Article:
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Real Estate Tips: Purchasing a Vacation Home

Vacation Homes, Real Estate Tips, Buying a Vacation Home, Buying a Second Home, Buying a Second Property, Vacation Property, Vacation Real Estate, Ski Homes, Beach Homes

A lovely ski retreat - Where will your vacation home be?

The weather of late may be making you think about a vacation home sometime soon both in a warm climate or within New England where we have some of the best skiing and mountain resorts that can be found throughout the nation. In fact, on our website we even highlight on our vacationing page some of the lovely areas within States that are all a short distance from our city of Boston. This only furthers the notion that the Hub is a fantastic place to live. With the energy, history, charm and overall superior quality of life that people can have here, coupled with the fact that one can venture only an hour away to enjoy superb beaches, mountain terrain and more, it is as apparent as ever that Boston is the epicenter for all of the action.

So if one happens to be lucky enough to be able to afford a vacation home, regardless of where it may be, what are some of the more crucial things they should consider? First, it is the expectation that as a prospective buyer, you are looking at this possible location to purchase as a place you truly adore and that staying in a hotel or with a friend truly is no longer acceptable; you must make it your own. Well, our friends at Sothebys International Realty | Canada have come forward with the following very helpful tips:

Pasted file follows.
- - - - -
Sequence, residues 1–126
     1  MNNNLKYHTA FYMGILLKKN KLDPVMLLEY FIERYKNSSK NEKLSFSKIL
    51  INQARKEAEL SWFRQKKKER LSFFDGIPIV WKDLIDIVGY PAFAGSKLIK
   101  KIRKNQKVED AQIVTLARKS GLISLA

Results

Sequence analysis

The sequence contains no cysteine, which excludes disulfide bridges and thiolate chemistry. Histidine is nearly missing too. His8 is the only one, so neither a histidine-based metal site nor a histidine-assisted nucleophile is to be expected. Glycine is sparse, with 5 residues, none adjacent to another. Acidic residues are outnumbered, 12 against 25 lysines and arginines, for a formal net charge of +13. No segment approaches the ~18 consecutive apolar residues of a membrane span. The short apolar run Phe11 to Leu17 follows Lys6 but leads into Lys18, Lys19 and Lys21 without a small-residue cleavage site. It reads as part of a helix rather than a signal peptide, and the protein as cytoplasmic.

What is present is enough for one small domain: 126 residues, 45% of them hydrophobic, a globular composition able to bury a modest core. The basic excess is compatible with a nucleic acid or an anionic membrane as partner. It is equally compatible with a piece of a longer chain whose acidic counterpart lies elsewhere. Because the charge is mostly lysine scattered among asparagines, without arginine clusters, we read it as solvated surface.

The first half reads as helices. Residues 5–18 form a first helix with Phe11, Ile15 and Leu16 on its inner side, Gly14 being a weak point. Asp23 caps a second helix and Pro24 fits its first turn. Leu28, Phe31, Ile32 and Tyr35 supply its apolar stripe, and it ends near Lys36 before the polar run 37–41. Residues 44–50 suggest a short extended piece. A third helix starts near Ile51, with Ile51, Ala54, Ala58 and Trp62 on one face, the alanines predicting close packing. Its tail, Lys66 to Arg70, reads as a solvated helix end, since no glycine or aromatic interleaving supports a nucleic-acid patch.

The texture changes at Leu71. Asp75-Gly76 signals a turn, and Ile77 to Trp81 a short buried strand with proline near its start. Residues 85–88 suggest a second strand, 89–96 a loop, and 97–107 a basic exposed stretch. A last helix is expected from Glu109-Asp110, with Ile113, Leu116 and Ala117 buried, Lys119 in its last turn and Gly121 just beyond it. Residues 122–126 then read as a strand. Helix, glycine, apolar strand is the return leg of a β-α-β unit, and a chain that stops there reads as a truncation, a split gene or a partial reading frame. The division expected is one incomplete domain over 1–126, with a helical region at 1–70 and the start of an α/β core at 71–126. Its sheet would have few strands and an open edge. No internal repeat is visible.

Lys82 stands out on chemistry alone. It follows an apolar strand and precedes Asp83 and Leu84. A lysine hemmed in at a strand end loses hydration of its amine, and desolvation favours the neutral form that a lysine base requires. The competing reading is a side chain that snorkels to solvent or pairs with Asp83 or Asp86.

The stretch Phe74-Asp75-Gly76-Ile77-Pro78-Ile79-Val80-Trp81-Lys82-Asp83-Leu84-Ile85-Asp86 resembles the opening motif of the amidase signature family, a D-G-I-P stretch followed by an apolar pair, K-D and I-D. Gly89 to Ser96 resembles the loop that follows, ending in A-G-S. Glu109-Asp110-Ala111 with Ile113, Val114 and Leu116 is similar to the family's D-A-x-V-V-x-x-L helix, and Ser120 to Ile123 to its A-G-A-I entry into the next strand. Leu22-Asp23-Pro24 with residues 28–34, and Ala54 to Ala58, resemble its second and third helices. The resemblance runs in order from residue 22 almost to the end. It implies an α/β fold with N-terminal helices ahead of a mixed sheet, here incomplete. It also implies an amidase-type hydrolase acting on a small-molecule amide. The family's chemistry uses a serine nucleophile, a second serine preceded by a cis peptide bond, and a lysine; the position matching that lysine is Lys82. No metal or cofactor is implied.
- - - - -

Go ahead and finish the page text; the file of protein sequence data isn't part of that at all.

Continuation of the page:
1. Research the Location in all Four Seasons Before you Buy

A vacation home is also a wonderful opportunity to have extra income from renting the property for the short-term to tenants when you, your family, and friends will not be in residence. Knowing all of the positive and negative factors about this location during all twelve months of the year is then something to be wary of in this case. Understanding the propensity for flooding, storms,odorsduring certain tides, road conditions, festivities and events, conferences, crime rates, affordability, and how crowded these areas are during the different seasons is vital for both your awareness and for informing prospective tenants.

  1. Make Sure the House and Location Would Make a Good Rental

Think about the rental potential of your vacation property as if you were the one renting it. Of course, the more benefits of its location the better, however yet the more expensive. Finding the perfect balance between wallet and a propertys address is what you should always strive for. Factors to be mindful of are distances to the beach or the ski mountain, proximity to public transportation to such attractions as well as to a town, grocery store, restaurants and shopping. Amenities such as a hot tub in cooler climates, a pool in warmer temperatures, parking spots, as well as outdoor spaces in the form of balconies or decks in all forms of weather are always an attractive plus for hopeful vacation renters. On the interior of the residence, it is vital that if you wish to also rent out your vacation home that there be the modern necessities such as a television, Internet, proper kitchen, cleaning and laundry appliances, and even more to ensure that an individuals stay is as carefree and comfortable as possible.